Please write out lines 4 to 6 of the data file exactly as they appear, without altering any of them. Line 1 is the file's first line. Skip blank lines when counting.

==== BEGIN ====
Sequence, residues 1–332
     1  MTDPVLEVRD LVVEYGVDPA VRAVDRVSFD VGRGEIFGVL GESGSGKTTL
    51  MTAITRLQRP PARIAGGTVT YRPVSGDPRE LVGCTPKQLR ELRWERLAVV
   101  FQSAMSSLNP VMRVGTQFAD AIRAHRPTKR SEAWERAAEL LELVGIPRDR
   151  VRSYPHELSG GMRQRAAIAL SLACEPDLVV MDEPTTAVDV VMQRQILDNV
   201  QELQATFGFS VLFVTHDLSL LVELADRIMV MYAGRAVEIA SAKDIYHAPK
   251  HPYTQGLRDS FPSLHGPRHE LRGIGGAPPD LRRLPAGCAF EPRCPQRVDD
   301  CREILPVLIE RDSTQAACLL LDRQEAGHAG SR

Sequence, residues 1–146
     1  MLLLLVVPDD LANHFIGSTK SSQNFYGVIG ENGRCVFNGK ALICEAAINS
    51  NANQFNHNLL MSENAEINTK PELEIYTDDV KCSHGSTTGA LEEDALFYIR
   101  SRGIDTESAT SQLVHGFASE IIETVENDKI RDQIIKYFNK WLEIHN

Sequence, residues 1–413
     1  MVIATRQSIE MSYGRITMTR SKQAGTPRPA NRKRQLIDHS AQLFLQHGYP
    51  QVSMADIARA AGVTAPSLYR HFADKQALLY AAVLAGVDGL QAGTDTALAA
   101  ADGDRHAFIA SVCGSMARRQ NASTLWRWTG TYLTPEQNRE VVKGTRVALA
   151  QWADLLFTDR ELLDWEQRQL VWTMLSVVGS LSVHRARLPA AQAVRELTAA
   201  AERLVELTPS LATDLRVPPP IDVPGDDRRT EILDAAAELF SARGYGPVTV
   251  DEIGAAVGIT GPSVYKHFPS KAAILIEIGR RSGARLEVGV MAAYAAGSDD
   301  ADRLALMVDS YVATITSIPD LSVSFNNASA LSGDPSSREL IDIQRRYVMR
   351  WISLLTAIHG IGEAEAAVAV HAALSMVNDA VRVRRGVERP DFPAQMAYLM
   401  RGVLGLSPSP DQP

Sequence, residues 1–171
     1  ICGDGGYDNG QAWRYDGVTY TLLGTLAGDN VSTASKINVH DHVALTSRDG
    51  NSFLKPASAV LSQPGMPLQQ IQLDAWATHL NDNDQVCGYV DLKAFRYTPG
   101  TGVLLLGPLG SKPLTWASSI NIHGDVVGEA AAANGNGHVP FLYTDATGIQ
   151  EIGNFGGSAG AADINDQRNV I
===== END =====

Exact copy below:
   101  FQSAMSSLNP VMRVGTQFAD AIRAHRPTKR SEAWERAAEL LELVGIPRDR
   151  VRSYPHELSG GMRQRAAIAL SLACEPDLVV MDEPTTAVDV VMQRQILDNV
   201  QELQATFGFS VLFVTHDLSL LVELADRIMV MYAGRAVEIA SAKDIYHAPK